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SHOULD THE ACTIVITIES CARRIED OUT WITHIN THE METAVERSE PAY TAXES?

 People will have to pay for their activity in the metaverse












Technology advances by leaps and bounds and forces authorities to catch up with the legislation. This is the case of taxes and the so-called "metaverse".

This concept, widespread in recent months after the decision of the founder of Facebook, Mark Zuckerberg, to promote this new form of augmented reality, refers to the so-called "next generation of the Internet", which describes an immersive and multisensory experience in the applied use of various devices and technological developments on the internet. In simple, a world parallel to physical reality as it is known today.

Said universe implies the performance of commercial activities that could eventually be subject to taxes. This is how a document from the Inter-American Center of Tax Administrations (CIAT) analyzes it.

"In a broader sense, the metaverse may not only refer to virtual worlds, but to the multidimensional experiences of use and application of the internet as a whole, especially the spectrum that combines web 2.0, augmented reality, third-party technology dimension and virtual reality", points out the author of the analysis Alfredo Collosa.

In the document, Collosa emphasizes that certain normal operations in the physical world will eventually be carried out in the metaverse, which may give rise to a possible tax obligation.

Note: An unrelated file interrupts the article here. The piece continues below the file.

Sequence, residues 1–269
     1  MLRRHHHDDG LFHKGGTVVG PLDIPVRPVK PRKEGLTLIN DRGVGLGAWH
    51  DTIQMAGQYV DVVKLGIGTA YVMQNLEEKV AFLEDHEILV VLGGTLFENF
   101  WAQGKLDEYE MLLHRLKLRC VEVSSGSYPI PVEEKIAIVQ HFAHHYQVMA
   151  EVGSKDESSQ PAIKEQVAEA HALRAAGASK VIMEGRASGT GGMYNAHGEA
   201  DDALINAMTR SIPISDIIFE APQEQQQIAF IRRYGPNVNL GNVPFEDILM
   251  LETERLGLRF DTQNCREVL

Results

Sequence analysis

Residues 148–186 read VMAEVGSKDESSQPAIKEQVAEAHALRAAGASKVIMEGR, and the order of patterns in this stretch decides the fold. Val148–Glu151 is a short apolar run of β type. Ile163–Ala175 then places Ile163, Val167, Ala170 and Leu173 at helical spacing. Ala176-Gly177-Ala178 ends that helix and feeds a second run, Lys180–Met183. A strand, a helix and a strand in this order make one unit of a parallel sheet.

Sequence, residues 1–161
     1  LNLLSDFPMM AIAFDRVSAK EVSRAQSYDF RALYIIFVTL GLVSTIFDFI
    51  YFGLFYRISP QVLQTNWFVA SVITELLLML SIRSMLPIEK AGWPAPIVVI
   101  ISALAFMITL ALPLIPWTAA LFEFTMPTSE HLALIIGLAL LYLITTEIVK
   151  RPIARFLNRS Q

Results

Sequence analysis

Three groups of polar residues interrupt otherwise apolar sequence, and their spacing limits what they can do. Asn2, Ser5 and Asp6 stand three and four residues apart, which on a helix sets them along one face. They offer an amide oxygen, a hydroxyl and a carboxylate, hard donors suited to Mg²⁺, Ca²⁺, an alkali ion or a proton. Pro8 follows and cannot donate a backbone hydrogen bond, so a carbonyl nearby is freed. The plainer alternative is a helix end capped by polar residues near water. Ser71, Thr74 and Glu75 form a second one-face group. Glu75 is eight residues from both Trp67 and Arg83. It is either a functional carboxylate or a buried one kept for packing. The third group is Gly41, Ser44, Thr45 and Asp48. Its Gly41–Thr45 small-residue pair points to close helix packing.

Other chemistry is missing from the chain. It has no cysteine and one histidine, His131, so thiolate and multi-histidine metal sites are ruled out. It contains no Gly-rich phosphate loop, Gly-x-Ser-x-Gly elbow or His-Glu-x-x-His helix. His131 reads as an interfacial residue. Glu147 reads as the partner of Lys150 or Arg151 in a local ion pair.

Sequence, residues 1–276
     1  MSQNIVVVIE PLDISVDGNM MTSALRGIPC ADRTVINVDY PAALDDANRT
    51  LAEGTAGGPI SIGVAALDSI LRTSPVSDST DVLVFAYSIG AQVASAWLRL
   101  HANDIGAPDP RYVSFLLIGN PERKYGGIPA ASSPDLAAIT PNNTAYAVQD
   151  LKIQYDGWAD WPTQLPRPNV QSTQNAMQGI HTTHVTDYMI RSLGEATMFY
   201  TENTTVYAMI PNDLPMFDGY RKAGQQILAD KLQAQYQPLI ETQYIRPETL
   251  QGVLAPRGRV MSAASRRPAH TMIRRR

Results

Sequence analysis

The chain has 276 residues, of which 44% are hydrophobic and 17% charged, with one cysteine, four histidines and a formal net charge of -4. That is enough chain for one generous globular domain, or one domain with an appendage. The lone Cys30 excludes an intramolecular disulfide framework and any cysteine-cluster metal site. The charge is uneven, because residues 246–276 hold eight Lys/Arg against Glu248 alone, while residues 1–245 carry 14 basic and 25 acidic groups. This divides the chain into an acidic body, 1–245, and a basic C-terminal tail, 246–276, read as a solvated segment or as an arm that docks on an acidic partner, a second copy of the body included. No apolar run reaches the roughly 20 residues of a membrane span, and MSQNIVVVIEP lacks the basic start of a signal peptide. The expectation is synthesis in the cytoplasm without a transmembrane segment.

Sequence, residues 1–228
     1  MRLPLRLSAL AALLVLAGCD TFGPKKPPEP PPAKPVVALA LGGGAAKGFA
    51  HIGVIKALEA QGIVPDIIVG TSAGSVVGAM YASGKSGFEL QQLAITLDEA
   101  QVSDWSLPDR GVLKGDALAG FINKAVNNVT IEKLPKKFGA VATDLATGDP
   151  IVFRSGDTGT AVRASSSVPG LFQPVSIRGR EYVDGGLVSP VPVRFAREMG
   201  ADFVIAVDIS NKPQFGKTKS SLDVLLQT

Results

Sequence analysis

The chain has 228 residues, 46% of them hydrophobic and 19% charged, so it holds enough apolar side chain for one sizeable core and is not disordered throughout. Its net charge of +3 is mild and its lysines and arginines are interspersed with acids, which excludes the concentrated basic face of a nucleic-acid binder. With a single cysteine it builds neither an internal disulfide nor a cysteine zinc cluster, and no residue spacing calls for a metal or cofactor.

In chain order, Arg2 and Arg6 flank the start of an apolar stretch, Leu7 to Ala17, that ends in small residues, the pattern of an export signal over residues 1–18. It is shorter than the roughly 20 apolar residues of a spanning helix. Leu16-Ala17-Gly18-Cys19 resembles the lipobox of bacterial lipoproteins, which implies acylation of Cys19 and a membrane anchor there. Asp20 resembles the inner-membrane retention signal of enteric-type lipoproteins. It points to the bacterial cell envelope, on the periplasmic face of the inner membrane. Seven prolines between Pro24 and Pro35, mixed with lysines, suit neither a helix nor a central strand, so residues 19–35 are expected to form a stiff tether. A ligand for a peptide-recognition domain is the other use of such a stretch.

"Activities that currently take place in isolated environments will eventually take place in a single metaverse, such as: buying avatar outfits and accessories online, buying digital land and building virtual houses, engaging in a virtual social experience , shopping in virtual malls through immersive commerce, using virtual classrooms to experience immersive learning, buying digital art, collectibles, and assets, interacting with digital humans to onboard employees, customer service, sales, and other business interactions," points out the analysis.

This is because it is an independent virtual economy, enabled by digital currencies and non-fungible tokens (NFT), where technologies such as blockchain are "protagonists", says the Argentine professional.

Earn more than in the physical world
The analysis published by CIAT emphasizes that in the metaverse people obtain cryptocurrencies in virtual worlds and sell them in exchange for fiduciary currency. "In fact, in some cases they're making thousands or even millions more than they would in the real world," he notes.

Thus, he exemplifies with a case: in December, a parcel of virtual real estate in The SandBox was sold for US $ 4.3 million to an Atari developer.



















"On the other hand, NFT sales reached some US$25 billion in 2021, according to data from the market tracker DappRadar, and all forecasts indicate that they will continue to rise," says the professional.

A first approach, says Collosa, is to analyze the taxation of NFTs, which opens the door to other questions in tax matters.

"It will be necessary to define how the rental or sale of virtual real estate, or the creation of digital content, will be taxed, how the VAT treatment will be and what will be the place of provision of services, and what the jurisdictional link, for example, for purposes of define residence, source, application of international treaties, etc.", emphasizes the analysis, which in any case points to each State or jurisdiction defining its potential regulatory framework, always within a framework of multilateral cooperation.

Along these lines, the author suggests that the use of available technology will be key to determining the tax treatment of operations carried out in the multiverse.

"Current and emerging technologies can combat fraud by bringing taxes closer to transactions in what are known as continuous transaction controls. For example, through smart contracts based on blockchain it would be possible to automate part of the collection of taxes," he concludes. .


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